Tonkean uses certain monitoring and tracking technologies, such as cookies, beacons, pixels, tags, and scripts (collectively, “Cookies”). These technologies are used in order to maintain, provide, and improve our website and services (the “Services”), and in order to provide our users with a better experience (for instance, in order to track users’ preferences, to better secure our Services, to identify technical issues, and to monitor and improve the overall performance of our Services).
What are Cookies?
Cookies are small text files that are stored by the browser on your computer or mobile device (for example, Google Chrome or Safari). They allow websites to store things like user preferences. You can think of Cookies as providing a so-called memory for the website, so that it can recognize you when you come back and respond appropriately.
Tonkean uses several different types of Cookies on our website:
Performance Cookies: This type of Cookie helps us to secure and maintain our Services, and remembers your preferences for tools found on the Services, so you don’t have to re-set them each time you visit.
Analytics Cookies: Every time someone visits our Services, the analytics services we use generate Cookies which can tell us whether or not you have visited the Services in the past, and provide additional information regarding how our users use our Services (such as where users tend to click on our Services). Your browser will tell us if you have these Cookies and, if you don’t, we generate new ones. This allows us to track how many individual users we have and how often they visit the Services.
Unless you are signed into our Services, we cannot use these Cookies to identify individuals. We use them to gather statistics. For example, the number of visits to a page.
Registration Cookies: When you register and sign into our Services, we generate Cookies that let us know whether you are signed in or not.
Our servers use these Cookies to work out which account you are signed in with and if you are allowed access to a particular service.
While you are signed into our Services, we combine information from your Registration Cookies with Analytics Cookies, which we could use to identify which pages you have seen.
Marketing & Advertising Cookies: These Cookies allow us to know whether or not you’ve seen an ad or a type of ad, how you interacted with such an ad, and how long it has been since you’ve seen it.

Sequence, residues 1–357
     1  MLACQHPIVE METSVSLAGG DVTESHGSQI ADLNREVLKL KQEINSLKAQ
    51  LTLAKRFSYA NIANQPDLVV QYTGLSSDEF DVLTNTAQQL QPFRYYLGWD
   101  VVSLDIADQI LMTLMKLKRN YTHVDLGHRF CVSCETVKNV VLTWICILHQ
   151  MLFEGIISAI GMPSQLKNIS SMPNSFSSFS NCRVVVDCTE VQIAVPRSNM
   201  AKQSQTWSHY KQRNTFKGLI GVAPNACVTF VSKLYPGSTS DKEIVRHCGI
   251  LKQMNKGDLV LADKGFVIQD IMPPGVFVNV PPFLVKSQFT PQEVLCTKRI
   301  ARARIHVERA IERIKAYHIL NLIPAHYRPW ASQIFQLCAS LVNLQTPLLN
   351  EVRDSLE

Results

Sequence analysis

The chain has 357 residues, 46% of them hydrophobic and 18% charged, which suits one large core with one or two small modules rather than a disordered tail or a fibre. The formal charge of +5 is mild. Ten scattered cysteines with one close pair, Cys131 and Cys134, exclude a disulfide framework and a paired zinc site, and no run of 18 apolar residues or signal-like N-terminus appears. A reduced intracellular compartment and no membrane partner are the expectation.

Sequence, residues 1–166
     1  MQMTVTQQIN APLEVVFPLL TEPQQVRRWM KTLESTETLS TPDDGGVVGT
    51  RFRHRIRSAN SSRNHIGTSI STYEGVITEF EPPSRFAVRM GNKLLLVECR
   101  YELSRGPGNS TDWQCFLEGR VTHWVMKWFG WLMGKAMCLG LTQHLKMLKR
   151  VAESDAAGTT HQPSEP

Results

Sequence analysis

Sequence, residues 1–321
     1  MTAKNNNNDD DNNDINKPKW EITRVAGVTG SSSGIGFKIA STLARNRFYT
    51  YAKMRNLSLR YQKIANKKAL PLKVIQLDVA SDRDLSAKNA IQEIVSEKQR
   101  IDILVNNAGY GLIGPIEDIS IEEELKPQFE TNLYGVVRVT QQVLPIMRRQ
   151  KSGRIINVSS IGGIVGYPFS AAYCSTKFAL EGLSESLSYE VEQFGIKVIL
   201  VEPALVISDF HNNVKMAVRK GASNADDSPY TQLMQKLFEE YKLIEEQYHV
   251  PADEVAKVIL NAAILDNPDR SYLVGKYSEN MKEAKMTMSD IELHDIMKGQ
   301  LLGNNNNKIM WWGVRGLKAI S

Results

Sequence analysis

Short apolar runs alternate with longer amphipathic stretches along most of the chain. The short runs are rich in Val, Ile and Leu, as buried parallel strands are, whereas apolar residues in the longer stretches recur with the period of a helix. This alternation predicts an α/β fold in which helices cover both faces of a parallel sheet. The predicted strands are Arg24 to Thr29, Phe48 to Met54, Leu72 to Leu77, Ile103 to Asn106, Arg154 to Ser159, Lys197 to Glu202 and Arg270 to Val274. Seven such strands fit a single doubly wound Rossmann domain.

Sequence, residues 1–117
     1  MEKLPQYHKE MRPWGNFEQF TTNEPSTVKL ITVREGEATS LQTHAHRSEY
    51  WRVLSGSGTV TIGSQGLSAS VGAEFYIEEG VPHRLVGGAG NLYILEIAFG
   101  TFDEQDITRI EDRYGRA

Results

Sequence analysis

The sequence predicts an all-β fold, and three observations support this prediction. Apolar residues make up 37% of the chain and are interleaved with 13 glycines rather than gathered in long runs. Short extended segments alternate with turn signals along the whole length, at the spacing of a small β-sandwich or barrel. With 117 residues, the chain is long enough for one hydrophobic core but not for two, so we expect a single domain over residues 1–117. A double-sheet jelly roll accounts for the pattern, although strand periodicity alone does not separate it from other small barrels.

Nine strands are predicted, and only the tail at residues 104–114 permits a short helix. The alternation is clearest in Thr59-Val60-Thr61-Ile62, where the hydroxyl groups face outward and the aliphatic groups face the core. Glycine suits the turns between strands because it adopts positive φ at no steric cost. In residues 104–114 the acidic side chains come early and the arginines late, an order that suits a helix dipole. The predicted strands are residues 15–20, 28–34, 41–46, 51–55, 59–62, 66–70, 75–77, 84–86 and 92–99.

We also set Cookies on certain other sites that we advertise on. If you receive one of those Cookies, we may use it to identify you as having visited that site if you later visit our Services. We can then target our advertisements based on this information.
Third-Party Integration Cookies: On some pages of our Services, other organizations may also set their own Cookies. They do this to track the performance of their applications that are integrated with our Services or to customize their services for you. Because of how Cookies work, our website cannot access these Cookies, nor can the other organization access the data in Cookies we use on our Services.
Which Cookies do we use?
How can you turn Cookies off?
All modern web browsers allow you to change your Cookie settings. You can usually find these settings in the ‘Options’ or ‘Preferences’ menu of your browser. In order to understand these settings, the following links may be helpful or you can use the ‘Help’ option in your browser for more details.
If you are primarily concerned about third-party Cookies generated by advertisers, and you live in the USA, Canada or Europe, you can also opt out from the collection of your data by our advertising partners who participate in the Digital Advertising Alliance. Opt-out by visiting:
To find out more about Cookies and their use on the Internet, you may find the following websites useful:
Some web browsers may transmit “Do Not Track” signals to websites with which the browser communicates, telling the site not to follow its online movements. Because of differences in how web browsers interpret this feature, it is not always clear whether users intend for these signals to be transmitted or whether they are even aware of them. Therefore, we currently do not respond to such “Do Not Track” signals.